Pulmonary Disease, Chronic Obstructive; National Prevalence; Lower Limit of Normal; Spirometry
Chronic obstructive pulmonary disease (COPD) encompasses a group of disorders characterised by the presence of incompletely reversible airflow obstruction with overlapping subsets of different phenotypes including chronic bronchitis, emphysema or asthma. The aim of this study was to determine the proportion of adult subjects aged >50 years within each phenotypic subgroup of COPD, defined as a post-bronchodilator ratio of forced expiratory volume in 1 s/forced vital capacity (FEV1/FVC) <0.7, in accordance with current international guidelines.
Adults aged >50 years derived from a random population-based survey undertook detailed questionnaires, pulmonary function tests and chest CT scans. The proportion of subjects in each of 16 distinct phenotypes was determined based on combinations of chronic bronchitis, emphysema and asthma, with and without incompletely reversible airflow obstruction defined by a post-bronchodilator FEV1/FVC ratio of 0.7.
A total of 469 subjects completed the investigative modules, 96 of whom (20.5%) had COPD. Diagrams were constructed to demonstrate the relative proportions of the phenotypic subgroups in subjects with and without COPD. 18/96 subjects with COPD (19%) had the classical phenotypes of chronic bronchitis and/or emphysema but no asthma; asthma was the predominant COPD phenotype, being present in 53/96 (55%). When COPD was defined as a post-bronchodilator FEV1/FVC less than the lower limit of normal, there were one-third fewer subjects with COPD and a smaller proportion without a defined emphysema, chronic bronchitis or asthma phenotype.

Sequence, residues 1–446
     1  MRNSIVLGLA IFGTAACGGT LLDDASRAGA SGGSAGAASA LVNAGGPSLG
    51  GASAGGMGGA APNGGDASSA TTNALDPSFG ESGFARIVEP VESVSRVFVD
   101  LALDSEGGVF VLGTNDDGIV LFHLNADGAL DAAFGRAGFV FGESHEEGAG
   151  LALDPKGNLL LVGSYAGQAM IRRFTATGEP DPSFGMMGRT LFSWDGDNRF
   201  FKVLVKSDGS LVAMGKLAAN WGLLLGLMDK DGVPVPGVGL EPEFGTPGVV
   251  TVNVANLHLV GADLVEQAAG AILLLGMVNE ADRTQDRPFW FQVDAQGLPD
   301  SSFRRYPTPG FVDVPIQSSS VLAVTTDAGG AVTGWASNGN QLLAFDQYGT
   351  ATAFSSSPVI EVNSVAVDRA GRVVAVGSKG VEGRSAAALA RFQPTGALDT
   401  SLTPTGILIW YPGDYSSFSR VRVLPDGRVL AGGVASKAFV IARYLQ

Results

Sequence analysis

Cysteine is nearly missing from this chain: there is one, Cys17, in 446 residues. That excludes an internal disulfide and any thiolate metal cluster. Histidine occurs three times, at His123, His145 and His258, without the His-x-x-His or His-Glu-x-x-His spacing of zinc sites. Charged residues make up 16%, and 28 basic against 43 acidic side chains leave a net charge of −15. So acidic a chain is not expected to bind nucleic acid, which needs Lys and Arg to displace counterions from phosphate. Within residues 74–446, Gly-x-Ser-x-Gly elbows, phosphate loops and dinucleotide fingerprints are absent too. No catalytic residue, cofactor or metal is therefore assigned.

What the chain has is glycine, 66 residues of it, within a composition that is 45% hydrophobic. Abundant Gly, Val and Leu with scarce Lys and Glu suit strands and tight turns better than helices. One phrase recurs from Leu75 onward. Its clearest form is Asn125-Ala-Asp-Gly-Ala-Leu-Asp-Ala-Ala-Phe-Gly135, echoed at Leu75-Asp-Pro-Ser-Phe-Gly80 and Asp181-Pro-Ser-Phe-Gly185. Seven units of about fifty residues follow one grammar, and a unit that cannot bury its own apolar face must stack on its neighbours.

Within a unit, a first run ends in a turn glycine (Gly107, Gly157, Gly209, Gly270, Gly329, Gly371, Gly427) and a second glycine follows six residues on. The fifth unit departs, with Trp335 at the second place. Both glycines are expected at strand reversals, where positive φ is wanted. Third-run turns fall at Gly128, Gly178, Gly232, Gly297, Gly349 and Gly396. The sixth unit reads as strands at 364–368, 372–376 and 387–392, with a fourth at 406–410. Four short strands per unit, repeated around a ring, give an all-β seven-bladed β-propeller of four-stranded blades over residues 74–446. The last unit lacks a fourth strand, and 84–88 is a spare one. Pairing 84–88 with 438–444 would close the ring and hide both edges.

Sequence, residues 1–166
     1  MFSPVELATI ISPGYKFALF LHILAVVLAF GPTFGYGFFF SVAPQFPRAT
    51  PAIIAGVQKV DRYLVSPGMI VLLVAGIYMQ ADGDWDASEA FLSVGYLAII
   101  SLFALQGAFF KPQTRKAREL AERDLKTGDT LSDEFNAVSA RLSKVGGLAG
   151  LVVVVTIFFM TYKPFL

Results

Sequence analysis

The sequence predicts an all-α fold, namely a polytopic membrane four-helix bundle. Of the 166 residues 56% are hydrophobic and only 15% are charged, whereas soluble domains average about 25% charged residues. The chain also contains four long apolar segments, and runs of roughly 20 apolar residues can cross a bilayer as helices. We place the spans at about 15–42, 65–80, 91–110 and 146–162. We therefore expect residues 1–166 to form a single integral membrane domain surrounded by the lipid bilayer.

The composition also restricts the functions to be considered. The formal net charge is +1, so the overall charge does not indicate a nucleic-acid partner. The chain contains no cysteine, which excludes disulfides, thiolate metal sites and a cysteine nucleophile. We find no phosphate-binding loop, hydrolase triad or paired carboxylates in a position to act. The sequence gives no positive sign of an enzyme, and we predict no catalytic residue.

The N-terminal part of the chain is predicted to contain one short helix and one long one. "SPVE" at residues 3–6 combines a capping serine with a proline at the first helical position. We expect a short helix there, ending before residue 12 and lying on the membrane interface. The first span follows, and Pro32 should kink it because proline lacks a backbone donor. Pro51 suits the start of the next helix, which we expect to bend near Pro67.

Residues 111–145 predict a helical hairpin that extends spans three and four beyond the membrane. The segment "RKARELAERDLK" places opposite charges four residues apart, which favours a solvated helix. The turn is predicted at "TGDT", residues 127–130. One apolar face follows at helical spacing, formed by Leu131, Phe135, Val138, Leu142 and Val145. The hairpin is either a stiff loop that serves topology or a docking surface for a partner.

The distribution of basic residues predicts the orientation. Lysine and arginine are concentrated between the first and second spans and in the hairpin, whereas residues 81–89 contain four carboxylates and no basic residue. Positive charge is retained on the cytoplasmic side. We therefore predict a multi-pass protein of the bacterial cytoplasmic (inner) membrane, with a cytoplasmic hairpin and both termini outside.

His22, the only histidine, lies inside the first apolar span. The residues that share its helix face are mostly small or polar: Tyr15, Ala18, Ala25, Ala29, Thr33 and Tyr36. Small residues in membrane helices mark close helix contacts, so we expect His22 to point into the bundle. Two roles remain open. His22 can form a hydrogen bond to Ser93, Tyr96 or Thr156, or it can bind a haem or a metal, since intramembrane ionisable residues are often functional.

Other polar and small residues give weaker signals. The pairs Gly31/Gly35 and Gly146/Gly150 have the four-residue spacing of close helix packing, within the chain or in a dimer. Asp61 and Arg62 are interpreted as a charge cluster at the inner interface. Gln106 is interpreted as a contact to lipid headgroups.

This study provides proportional classifications of the phenotypic subgroups of COPD which can be used as the basis for further research into the pathogenesis and treatment of this heterogeneous disorder.
Among older persons, we previously endorsed a two-step spirometric definition of chronic obstructive pulmonary disease (COPD) that requires a ratio of forced expiratory volume in 1-second to forced vital capacity (FEV1/FVC) below .70, and an FEV1 below the 5th or 10th standardized-residual percentile (“SR-tile strategy”).
To evaluate the clinical validity of an SR-tile strategy, compared to a current definition of COPD, as published by the Global Initiative for Obstructive Lung Disease (GOLD-COPD), in older persons.
We assessed national data from 2,480 persons aged 65-to-80 years. In separate analyses, we evaluated the association of an SR-tile strategy with mortality and respiratory symptoms, relative to GOLD-COPD. As per convention, GOLD-COPD was defined solely by an FEV1/FVC<.70, with severity staged according to FEV1 cut-points at 80 and 50 percent-predicted (%Pred).
Among 831 participants with GOLD-COPD, the risk of death was elevated only in 179 (21.5%) of those who also had an FEV1 <5thSR-tile; and the odds of having respiratory symptoms was elevated only in 310 (37.4%) of those who also had an FEV1 <10thSR-tile. In contrast, GOLD-COPD staged at an FEV1 50-79%Pred led to misclassification (overestimation) in terms of 209 (66.4%) and 77 (24.6%) participants, respectively, not having an increased risk of death or likelihood of respiratory symptoms.
Relative to an SR-tile strategy, the majority of older persons with GOLD-COPD had neither an increased risk of death nor an increased likelihood of respiratory symptoms. These results raise concerns about the clinical validity of GOLD guidelines in older persons.
COPD; spirometry; respiratory symptoms; mortality